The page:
Mar 7, 2006

Identity Face(s|ts)

I've been working recently on some new attempts at understanding what exactly is the best way to model Identity Attributes, and who should or can state them about a user (Alice from here on out). What I've concluded is that anyone can assert attributes about Alice (truthful or not). Sometimes you can find these assertions, and sometimes you cannot.

There are at least two separate layers for attributes: a horizontal and a vertical. The horizontal layer represents what can be best described as Alice's vCard. This layer represents attributes which share commonality across almost any application domain, be it social or otherwise. Other tidbits like personal preferences, the type of cell phone she carries, her iTunes playlists, and whatnot can also be lumped in here (tho in some cases, slices of these end up also in the second layer. more on that in a bit).

The second 'layer' is comprised of vertical pillars of domain specific attributes. Financial, social, business, Alice's Rock Climbing Club, her neighborhood, etc... these carry both attributes asserted by others, as well as Alice's own attribute statements.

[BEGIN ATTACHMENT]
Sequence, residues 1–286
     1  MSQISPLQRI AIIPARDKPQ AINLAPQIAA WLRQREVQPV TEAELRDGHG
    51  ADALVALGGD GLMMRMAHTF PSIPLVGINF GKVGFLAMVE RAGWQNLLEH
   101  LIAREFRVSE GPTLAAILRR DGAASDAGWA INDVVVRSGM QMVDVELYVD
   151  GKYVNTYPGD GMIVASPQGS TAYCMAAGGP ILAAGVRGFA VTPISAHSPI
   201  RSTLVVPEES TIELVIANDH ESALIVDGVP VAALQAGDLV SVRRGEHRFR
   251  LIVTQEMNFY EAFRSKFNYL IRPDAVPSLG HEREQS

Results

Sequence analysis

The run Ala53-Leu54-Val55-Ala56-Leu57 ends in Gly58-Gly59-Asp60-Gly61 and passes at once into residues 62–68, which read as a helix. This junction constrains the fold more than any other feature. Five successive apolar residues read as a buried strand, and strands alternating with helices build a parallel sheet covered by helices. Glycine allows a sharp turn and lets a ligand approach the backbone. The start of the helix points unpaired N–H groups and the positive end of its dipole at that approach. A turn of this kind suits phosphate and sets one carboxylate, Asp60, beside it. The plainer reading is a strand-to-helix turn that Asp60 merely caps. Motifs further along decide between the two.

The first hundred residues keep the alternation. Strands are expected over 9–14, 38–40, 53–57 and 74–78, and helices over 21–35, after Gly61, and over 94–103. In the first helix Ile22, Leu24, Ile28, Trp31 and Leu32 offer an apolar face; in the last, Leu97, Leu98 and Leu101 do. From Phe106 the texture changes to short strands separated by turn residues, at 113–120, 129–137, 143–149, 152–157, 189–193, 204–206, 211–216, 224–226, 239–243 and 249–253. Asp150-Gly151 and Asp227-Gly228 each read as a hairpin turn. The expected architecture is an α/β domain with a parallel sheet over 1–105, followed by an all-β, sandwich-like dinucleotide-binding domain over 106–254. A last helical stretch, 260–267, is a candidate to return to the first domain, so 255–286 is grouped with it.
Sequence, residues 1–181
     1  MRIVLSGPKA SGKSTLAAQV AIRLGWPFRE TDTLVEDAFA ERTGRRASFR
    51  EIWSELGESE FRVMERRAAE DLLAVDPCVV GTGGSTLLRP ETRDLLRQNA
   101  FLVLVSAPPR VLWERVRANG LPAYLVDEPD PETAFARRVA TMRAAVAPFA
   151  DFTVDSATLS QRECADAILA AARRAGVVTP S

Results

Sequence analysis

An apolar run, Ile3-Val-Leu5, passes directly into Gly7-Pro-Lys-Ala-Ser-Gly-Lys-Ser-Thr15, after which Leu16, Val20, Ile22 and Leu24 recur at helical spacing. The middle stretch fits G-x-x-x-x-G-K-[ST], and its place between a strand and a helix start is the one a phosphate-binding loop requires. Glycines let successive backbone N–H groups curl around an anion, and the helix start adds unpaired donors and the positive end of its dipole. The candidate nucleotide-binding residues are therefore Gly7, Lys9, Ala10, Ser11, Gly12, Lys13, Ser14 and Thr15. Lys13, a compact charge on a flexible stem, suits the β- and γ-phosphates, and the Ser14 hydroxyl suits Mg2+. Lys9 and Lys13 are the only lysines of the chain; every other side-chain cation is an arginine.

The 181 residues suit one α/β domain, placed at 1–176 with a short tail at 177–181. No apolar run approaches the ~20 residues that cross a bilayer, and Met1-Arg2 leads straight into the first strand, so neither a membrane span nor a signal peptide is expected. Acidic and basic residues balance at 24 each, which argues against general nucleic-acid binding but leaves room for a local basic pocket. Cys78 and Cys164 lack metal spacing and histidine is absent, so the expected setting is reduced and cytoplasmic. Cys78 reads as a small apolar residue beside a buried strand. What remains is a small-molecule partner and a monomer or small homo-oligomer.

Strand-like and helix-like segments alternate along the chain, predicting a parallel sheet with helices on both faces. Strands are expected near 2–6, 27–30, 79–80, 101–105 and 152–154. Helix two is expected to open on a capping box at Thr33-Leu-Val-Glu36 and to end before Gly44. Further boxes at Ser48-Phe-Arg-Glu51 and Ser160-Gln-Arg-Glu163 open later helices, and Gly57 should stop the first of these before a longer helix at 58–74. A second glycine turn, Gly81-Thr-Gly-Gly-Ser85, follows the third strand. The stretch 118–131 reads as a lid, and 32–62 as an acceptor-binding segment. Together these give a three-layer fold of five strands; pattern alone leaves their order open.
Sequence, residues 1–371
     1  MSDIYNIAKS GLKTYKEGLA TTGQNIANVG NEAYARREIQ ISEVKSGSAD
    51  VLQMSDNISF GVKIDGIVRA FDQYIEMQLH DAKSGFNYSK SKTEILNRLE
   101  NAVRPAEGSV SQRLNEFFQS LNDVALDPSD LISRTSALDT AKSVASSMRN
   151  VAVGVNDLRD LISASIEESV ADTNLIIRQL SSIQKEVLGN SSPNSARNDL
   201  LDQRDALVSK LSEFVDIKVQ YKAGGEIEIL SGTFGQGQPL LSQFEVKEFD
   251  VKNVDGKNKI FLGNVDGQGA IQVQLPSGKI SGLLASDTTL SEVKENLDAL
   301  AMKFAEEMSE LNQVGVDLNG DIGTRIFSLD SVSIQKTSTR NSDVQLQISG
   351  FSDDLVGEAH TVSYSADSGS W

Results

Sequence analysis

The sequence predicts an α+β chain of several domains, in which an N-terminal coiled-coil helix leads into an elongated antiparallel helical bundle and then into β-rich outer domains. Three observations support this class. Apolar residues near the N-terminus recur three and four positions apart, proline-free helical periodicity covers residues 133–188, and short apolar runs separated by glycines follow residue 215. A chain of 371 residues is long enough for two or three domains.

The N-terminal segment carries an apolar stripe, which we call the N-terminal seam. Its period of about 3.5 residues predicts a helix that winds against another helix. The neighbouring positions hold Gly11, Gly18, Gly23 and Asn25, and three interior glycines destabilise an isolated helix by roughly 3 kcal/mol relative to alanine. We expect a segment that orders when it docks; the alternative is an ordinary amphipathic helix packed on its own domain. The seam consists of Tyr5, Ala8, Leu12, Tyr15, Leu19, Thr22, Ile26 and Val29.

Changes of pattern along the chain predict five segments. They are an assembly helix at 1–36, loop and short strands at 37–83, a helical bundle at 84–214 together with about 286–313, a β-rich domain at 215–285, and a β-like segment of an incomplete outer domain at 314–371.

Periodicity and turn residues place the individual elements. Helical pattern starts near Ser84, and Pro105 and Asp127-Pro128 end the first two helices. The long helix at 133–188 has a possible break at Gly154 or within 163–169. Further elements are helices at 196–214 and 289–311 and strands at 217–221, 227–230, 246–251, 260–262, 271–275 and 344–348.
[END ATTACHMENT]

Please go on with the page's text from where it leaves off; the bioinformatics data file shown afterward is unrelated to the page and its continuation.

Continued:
Reputation systems (attributes asserted by others of Alice) tend to focus only in these vertical domains. Reputation systems cannot effectively function as a horizontal layer, as the perspective of Alice varies from domain to domain. But proximate domains may borrow reputation and other attributes from one another, tempered and weighted by their proximity to one another.

So the relevance of Alice's attributes is proportionate to the domains “distance”, and tempered by the asserting parties reputation in both domains.

This introduces the notion of the “over-layer” domain, where arbitrary aggregations of attributes from nearby domains define a third dimension. This domain, rather than being just another vertical domain, is my persona to a given community.

I've been dabbling with a variation to Paul Madsen's Vector Addition for Identifiers, where the vectors are influenced by these sorts of behaviors between and across domains. Hope to have that RSN ;-)

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